We next tested the effect of eliminating p53 in a Cdh1-null background. Deletion of a single allele of p53 had some effect in the survival of Cdh1-null mice, and Fzr1(Δ/Δ); Nes-Cre; Tp53(+/−) mice died with slightly accelerated kinetics when compared with Fzr1(Δ/Δ); Nes-Cre; Tp53(+/+) animals (Fig. 9a). Deletion of both alleles of p53 resulted in a marked acceleration of lethality within the first 10 weeks of age (Fig. 9a). This lethality was not because of the development of lymphomas or sarcomas typical of p53-null mice (latency ~6 months). Instead, Fzr1(Δ/Δ); Nes-Cre; Tp53(−/−) mice died with a more aggressive phenotype characterized by hydrocephalus and severely hypoplastic brains (Supplementary Fig. S9). Importantly, no apoptosis was observed in p53-deficient embryos (Fig. 9b) suggesting that this protein is essential for cell death caused by Cdh1 loss. Instead, these double-mutant brains displayed an increased accumulation of cells positive for the γH2AX signal in the embryonic cortex (Fig. 9b). These defects were already evident during embryogenesis (Supplementary Fig. S10) but were more marked at postnatal stages. The presence of the γH2AX signal was markedly increased at P10 all over the brain of Fzr1(Δ/Δ); Nes-Cre; Tp53(−/−) mice, including not only the ependymal layer but also cortical regions in which the damaged cells were rarely observed in Fzr1(Δ/Δ); Nes-Cre; Tp53(+/+) animals (4.1% in Fzr1(Δ/Δ); Nes-Cre; Tp53(−/−) brains versus 0.4% in Fzr1(Δ/Δ); Nes-Cre; Tp53(+/+) brains; Fig. 10a,b). Damaged cells included not only Sox2- and Sox9-progenitor cells in the subventricular zone of these brains but also postmitotic neurons characterized by the cytoplasmic βIII-tubulin staining (Fig. 10b). Similarly, lack of p53 did not rescue the accumulation of Ki67 (Supplementary Fig. S11) or G2-like pH3-positive cells (Supplementary Fig. S12) but rather resulted in an accumulation of these damaged cells in the brains of Cdh1-null mice. Despite the presence of these additional damaged cells, lack of p53 did not rescue the reduced thickness of the cortex of Cdh1-deficient brains (Supplementary Figs S11, S12). Indeed, double Cdh1; p53 mutant brains presented severe malformations and massive haemorrhages (Supplementary Fig. S9). All together, these results suggest that p53 is not involved in the generation of replicative stress in the absence of Cdh1, but it is critical for preventing developmental defects caused by the presence of damaged, non-functional Cdh1-null cells.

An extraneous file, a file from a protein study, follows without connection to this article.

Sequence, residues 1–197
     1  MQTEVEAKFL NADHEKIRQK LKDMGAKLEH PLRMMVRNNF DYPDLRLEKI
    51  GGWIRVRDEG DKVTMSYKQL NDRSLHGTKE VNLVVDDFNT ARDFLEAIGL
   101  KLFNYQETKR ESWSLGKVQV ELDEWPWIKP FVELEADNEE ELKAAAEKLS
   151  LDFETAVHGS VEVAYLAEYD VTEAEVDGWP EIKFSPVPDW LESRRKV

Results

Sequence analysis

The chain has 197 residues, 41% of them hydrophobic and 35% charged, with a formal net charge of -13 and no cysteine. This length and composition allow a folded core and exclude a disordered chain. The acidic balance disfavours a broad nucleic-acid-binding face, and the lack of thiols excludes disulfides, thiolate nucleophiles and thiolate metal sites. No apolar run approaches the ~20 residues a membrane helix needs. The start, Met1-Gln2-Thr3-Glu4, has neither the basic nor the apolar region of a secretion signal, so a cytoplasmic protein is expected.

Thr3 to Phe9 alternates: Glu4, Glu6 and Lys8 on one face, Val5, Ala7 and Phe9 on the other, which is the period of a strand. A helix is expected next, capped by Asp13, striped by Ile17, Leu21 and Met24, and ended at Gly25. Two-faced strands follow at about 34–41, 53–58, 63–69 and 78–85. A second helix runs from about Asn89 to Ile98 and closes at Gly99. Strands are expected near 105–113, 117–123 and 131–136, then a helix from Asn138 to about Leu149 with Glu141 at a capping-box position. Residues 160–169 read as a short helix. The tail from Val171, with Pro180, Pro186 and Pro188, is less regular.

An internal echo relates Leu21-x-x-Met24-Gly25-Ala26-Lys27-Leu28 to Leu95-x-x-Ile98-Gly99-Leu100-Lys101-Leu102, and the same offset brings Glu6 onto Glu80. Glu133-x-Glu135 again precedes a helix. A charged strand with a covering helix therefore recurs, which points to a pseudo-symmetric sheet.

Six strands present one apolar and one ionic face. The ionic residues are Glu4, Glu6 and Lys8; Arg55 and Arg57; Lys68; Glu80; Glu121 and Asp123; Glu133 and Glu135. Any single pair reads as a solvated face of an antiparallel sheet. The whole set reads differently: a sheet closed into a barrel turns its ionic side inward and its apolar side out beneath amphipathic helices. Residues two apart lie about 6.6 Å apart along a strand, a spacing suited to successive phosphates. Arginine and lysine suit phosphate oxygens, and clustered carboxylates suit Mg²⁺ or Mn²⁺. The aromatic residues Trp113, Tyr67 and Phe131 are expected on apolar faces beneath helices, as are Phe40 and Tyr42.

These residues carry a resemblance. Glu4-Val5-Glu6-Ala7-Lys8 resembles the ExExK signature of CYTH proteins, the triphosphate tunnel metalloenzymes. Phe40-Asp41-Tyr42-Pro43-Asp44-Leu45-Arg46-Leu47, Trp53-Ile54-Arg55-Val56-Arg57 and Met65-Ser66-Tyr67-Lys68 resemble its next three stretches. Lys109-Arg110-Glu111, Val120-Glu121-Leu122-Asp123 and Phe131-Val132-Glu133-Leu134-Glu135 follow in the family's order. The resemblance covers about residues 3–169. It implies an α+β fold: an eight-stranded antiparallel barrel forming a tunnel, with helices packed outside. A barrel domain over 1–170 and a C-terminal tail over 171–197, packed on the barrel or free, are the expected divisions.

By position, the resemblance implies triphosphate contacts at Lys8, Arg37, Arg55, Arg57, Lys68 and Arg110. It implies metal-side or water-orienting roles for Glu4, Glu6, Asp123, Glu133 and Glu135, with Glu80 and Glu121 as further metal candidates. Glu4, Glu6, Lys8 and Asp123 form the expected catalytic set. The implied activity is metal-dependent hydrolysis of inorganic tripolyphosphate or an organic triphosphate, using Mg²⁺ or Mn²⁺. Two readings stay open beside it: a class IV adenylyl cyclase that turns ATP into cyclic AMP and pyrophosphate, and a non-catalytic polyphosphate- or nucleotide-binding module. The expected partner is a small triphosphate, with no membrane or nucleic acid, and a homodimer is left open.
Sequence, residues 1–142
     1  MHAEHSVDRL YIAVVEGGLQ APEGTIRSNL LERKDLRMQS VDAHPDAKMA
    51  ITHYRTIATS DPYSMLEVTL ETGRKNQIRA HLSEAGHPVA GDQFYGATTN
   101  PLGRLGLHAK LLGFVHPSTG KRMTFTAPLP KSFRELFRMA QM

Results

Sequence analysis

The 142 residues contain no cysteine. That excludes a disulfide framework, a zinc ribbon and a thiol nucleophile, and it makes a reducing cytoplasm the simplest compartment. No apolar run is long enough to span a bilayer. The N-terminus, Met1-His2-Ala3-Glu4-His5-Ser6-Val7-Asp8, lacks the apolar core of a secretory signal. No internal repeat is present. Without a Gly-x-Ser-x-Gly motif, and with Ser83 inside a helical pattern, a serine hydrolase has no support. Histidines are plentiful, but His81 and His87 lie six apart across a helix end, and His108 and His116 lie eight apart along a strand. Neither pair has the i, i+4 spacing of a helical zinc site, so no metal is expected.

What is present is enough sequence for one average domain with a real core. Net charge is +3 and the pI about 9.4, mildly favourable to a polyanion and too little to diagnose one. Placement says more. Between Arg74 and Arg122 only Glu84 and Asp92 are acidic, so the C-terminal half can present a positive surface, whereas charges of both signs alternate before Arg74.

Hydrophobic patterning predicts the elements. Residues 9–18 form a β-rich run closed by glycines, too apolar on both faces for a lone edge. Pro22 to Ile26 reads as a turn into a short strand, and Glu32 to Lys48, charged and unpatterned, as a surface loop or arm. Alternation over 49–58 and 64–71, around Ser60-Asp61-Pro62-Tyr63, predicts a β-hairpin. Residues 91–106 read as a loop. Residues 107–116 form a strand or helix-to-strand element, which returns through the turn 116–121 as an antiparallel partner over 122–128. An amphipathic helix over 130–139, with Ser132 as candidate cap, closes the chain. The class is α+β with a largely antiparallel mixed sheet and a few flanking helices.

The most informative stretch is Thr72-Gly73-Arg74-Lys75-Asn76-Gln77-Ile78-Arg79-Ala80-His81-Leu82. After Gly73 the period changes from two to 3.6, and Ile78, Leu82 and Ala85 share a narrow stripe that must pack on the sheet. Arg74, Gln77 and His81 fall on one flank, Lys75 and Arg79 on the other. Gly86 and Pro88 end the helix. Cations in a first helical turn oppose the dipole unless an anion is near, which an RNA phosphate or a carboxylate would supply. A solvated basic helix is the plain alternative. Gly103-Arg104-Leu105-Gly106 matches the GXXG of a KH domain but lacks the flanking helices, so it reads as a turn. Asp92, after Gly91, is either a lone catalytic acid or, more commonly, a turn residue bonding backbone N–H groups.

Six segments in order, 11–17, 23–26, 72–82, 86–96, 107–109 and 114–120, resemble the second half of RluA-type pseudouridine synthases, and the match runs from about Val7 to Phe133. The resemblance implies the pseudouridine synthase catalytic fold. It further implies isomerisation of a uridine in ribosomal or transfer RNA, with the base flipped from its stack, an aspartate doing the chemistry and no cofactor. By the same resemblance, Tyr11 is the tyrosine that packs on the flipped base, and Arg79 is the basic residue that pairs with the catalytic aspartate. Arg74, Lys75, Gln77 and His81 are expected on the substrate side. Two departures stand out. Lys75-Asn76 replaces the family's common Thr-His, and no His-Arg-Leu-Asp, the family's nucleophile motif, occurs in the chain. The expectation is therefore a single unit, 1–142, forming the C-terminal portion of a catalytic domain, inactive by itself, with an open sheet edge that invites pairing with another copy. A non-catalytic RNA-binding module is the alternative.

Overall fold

The APC/C is an essential E3-ubiquitin ligase involved in cell cycle regulation mostly during mitosis and the following G1 phase3. In addition, this complex is involved in the control of metabolism and differentiation in various cell types10,30,31,32,33, and recent studies have suggested a crucial role for APC/C-Cdh1 and APC/C-Cdc20 in postmitotic neurons5,12,13,14,15,16,34.
Whereas APC/C-Cdc20 targets for degradation a few critical mitotic regulators (A- and B-cyclins, Nek2 and securin), Cdh1 is more promiscuous and targets for degradation multiple cell cycle regulators including Cdc20 targets as well as Cdc20 itself3,5. Genetic ablation of Cdc20 results in a complete metaphase arrest in mammals confirming its essential role in the degradation of cyclin B and securin required for anaphase onset6,7. Cdh1, on the other hand, is not essential for the cell cycle although lack of Cdh1 results in early entry into the S phase and reduced proliferation rate8,9,35. Cdh1 has been proposed to mediate a DNA damage response to genotoxic stress36 and proliferative defects caused by Cdh1 deficiency are p53 independent35,37. The irradiation-induced checkpoint is deficient in Cdh1-deficient bone marrow cells suggesting a role for Cdh1 in the G2 checkpoint in vivo38.